In addition to a successful career, White has assisted the community by serving as a member of the: Bowling Green Area Chamber of Commerce Board, Human Rights Commission Board, Boy and Girls Clubs of America Board, Kiwanis Club, South Central Minority Economic Development Council, and currently serves as a member of Black Men United, and the West Side Camp.
"My training at the school gave me a solid foundation for employment and put me on the path for a successful career," said White.
Reverend John Pettigrew graduated from Elizabethtown Community and Technical College in 1966 with an Associate in Arts Degree, and continued his undergraduate education at Rehboth Christian College and graduate work at Christian Theological Seminary. John focused on ministering to the needs of disadvantaged inner city youth, and his programs have been recognized as exemplary models of successful intervention. Today, Pettigrew Ministries creates new church starts to eventually hand over to young first-time pastors. He mentors student ministers, is publishing a training manual and is pursuing a doctorate in theology.
Reverend Pettigrew followed his life's passion and lives his dream. And, so can you.
One credential from Elizabethtown Community and Technical
College (ECTC) was simply not enough for Charlotte Davis.
Twelve years after earning a diploma in accounting, she
completed an associate degree in medical office technology.
A believer in lifelong learning she went on to earn a bachelor’s
degree last year in applied technology from Western Kentucky
University and is currently pursuing a master’s degree in
mental health counseling.
Charlotte serves as director of human resources for Lincoln
Trail Behavioral Health Systems in Radcliff. She is a member of
the Elizabethtown Society of Human Resources Managers and
the Leadership Elizabethtown Alumni Association.
Charlotte believes in giving back to her community. She has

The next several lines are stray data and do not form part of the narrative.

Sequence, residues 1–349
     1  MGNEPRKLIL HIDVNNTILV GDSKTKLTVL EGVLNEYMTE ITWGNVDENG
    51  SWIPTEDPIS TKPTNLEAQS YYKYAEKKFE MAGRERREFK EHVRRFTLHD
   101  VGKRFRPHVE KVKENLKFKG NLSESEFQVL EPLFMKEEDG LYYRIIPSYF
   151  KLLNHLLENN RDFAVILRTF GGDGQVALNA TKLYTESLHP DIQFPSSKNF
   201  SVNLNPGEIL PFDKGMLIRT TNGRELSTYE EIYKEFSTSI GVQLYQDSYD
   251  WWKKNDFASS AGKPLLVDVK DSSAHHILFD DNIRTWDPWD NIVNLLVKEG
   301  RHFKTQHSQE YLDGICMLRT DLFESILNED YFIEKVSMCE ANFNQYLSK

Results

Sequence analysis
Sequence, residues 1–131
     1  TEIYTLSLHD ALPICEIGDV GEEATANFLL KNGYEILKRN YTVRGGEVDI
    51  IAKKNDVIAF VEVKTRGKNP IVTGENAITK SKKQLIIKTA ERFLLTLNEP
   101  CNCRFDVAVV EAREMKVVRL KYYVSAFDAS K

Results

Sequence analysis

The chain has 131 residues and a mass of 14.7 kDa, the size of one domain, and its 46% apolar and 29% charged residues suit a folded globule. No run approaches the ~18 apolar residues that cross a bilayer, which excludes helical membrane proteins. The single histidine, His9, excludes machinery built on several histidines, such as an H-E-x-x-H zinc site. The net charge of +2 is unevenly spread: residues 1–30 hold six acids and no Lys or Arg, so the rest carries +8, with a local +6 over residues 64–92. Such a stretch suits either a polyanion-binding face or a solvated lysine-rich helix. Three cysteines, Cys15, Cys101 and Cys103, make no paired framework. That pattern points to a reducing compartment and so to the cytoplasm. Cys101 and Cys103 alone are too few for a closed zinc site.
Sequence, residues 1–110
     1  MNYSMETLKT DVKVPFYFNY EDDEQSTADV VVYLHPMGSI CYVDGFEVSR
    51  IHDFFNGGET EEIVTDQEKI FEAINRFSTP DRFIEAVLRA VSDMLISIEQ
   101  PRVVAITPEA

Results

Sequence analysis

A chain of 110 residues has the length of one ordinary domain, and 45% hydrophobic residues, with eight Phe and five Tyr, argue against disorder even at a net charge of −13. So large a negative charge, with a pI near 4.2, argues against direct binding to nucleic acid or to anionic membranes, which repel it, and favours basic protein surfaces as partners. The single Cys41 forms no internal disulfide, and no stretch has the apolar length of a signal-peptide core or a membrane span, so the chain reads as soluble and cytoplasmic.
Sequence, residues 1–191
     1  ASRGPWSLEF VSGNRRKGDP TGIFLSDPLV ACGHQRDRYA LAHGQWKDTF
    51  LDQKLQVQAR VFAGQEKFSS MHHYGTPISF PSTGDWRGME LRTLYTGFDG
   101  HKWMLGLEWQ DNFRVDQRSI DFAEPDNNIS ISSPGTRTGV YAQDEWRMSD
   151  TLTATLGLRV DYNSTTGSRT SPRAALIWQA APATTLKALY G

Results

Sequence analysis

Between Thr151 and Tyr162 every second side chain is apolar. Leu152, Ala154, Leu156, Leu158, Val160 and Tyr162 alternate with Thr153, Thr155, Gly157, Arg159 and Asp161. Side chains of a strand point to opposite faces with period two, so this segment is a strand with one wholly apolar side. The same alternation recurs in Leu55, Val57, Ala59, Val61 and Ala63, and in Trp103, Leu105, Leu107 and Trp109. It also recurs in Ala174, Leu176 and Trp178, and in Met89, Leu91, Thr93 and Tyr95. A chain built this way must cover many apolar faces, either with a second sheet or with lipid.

served as an ambassador for the Elizabethtown/Hardin County
Chamber of Commerce, site coordinator for the United Way,
volunteer leader for the Fund for the Arts, and treasurer and
youth bus ministry coordinator for the Hodgenville Church of
God of Prophecy.
For the past 16 years, she has served ECTC as a member of
the business technology program advisory committee.
Kinta Joseph graduated from Gateway Community and Technical College with an associate degree in criminal justice and transferred to Northern Kentucky University, where she plans to obtain a bachelor’s degree. A Hurricane Katrina survivor from the 8th Ward in New Orleans, Kinta did not believe she was college material when she moved to Northern Kentucky in 2005. A social worker pointed her to the former Urban Learning Center, now Gateway’s Urban Center, where she took a few college classes. This experience led her to become a full-time student at Gateway and to eventually obtain a degree. Along with her degree, Kinta scored A’s in all her classes and received the 2009 President’s Award as Gateway’s most outstanding graduate.
A few years ago, Kinta was locked in a succession of dead-end jobs. Now she looks forward to a future helping juvenile offenders rebuild their lives.
With hard work and determination, Kinta is climbing the ladder of success. So can you.
Tynea Harris graduated from Gateway Community and Technical College in the spring of 2010 with an associate in arts degree. Tynea was no stranger to Gateway when she enrolled; she had previously worked at the college as an AmeriCorps volunteer. Tynea has enjoyed her years at Gateway so much she now works at the college in the adult education program, and she is continuing to take classes, this time in business administration. Her ultimate goal is to work in the human services field.
These days, Tynea spends much of her time encouraging students to follow a path similar to hers. As an administrative assistant, she encourages adult students to work toward earning a GED and continuing their education.
It's a formula for success that is working for Tynea. It can work for you, too.